Should a band of mercenaries run into a patrol or get to the chosen objective, action flips over to real-time battle in the aforementioned maps. Players can certainly run JA as a purely real-time game, adapting on-the-fly to changing conditions. Doing so, which I tried for all of thirty minutes, can be fun. The ragdoll physics means explosions and so forth give off solid oomph and movement during these action moments. Pinpoint movement and rapid clicking can get the adrenaline flowing while frantically crying out to your mercs to get back behind cover.
Where players will end up spending time in though is overview mode. Hit spacebar and JA pauses, letting commands be queued up on a timeline – Run here, prone there, crawl behind the guy a little further on, and then knife him. It mostly works great, and developers Coreplay clearly gave it a lot of thought. Besides setting up long and complex chain of commands, actions can also be combined and timed together. So after all that setup, mercs can let loose simultaneously on a target.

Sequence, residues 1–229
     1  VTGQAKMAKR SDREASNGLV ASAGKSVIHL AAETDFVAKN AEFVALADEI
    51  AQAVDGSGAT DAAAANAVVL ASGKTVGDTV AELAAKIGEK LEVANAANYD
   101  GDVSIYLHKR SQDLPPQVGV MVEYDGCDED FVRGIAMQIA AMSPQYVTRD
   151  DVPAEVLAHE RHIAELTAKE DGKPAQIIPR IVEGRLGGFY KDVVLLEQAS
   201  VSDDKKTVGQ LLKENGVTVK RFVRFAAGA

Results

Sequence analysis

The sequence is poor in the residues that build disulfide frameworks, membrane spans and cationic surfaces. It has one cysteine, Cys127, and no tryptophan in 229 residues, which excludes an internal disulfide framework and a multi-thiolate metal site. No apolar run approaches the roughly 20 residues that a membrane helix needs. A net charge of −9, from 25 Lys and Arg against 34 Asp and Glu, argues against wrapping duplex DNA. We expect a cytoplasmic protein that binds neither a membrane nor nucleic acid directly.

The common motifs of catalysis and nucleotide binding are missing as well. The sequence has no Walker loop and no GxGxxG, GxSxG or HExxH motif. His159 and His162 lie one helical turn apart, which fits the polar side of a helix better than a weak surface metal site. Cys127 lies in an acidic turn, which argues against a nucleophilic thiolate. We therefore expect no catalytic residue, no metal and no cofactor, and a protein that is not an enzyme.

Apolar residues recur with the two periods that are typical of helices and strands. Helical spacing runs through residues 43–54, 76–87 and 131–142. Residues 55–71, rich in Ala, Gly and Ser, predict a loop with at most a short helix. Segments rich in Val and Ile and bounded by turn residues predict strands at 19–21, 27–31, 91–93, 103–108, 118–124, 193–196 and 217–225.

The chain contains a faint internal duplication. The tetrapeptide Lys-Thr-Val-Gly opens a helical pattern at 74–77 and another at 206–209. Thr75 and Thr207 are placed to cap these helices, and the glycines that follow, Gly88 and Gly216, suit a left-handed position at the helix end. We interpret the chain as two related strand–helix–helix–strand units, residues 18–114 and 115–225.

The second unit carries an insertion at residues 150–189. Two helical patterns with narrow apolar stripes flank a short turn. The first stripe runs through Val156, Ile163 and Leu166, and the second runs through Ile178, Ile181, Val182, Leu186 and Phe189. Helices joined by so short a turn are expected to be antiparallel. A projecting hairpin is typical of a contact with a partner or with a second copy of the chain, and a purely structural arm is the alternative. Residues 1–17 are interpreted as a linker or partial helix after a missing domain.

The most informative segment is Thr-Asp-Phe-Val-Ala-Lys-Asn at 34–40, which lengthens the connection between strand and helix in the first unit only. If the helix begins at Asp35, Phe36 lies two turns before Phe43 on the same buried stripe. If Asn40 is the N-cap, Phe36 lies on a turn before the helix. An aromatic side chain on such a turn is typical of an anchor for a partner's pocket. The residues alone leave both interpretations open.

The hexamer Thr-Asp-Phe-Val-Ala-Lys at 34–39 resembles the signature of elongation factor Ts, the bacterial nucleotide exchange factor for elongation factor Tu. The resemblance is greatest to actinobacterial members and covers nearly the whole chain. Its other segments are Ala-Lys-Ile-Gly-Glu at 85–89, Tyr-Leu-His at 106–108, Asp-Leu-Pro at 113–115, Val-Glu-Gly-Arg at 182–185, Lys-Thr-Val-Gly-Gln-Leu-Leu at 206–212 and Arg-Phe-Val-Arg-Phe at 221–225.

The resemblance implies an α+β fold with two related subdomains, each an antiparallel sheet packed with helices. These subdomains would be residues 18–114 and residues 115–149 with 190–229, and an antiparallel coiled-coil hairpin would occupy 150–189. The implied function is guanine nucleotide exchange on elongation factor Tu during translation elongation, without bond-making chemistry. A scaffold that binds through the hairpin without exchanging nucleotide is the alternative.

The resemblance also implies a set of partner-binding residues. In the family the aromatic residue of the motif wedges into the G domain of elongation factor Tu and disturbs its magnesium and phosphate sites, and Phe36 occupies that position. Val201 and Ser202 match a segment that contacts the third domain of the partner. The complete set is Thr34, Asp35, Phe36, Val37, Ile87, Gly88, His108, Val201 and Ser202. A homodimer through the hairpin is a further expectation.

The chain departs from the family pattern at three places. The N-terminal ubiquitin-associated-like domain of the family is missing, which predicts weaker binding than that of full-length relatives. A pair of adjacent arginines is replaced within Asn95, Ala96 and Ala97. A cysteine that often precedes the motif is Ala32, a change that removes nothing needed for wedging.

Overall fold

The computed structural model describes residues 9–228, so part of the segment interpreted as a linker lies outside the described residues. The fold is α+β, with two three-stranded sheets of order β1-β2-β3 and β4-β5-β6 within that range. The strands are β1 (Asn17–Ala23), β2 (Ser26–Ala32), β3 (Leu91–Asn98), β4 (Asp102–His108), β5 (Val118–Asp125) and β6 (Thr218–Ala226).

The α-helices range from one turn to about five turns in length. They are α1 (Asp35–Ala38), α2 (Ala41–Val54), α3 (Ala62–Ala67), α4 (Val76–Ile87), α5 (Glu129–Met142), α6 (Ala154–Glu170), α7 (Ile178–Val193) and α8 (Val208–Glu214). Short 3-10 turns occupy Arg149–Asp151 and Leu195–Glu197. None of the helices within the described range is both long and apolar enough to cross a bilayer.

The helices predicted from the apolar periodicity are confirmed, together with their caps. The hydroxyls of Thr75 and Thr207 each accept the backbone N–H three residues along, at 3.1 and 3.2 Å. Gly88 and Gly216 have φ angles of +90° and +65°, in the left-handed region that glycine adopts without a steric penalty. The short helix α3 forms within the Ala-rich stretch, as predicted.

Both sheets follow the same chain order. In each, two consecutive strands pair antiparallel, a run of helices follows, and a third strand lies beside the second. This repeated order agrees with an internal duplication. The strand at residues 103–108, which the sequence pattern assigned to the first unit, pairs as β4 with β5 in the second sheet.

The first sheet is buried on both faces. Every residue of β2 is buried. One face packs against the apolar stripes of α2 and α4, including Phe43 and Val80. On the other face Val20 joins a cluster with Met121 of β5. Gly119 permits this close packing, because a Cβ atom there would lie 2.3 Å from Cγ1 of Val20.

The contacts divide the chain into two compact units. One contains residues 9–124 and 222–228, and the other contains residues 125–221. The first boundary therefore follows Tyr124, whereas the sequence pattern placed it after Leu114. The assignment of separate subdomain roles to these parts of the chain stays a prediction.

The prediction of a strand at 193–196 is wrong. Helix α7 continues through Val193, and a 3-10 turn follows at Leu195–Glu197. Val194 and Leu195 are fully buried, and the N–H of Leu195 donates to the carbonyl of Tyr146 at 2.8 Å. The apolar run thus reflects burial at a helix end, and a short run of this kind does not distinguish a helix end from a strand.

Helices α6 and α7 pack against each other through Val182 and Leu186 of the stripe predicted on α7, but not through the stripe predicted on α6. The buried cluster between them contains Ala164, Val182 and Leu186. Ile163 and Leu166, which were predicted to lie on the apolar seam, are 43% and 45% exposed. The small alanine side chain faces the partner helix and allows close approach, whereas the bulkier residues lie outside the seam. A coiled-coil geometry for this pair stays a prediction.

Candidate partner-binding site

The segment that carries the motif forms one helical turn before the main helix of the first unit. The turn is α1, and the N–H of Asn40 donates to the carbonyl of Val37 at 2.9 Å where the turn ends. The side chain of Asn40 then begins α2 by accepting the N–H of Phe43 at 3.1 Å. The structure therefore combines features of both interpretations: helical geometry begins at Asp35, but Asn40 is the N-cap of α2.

JA reminds me of Frozen Synapse, the recent indie game where players plan out troops movements and then hit play hoping for the best. When a plan in JA comes together, it feels like poetry. But it can also feel like a slideshow of stop, order issues, hit play to watch movie.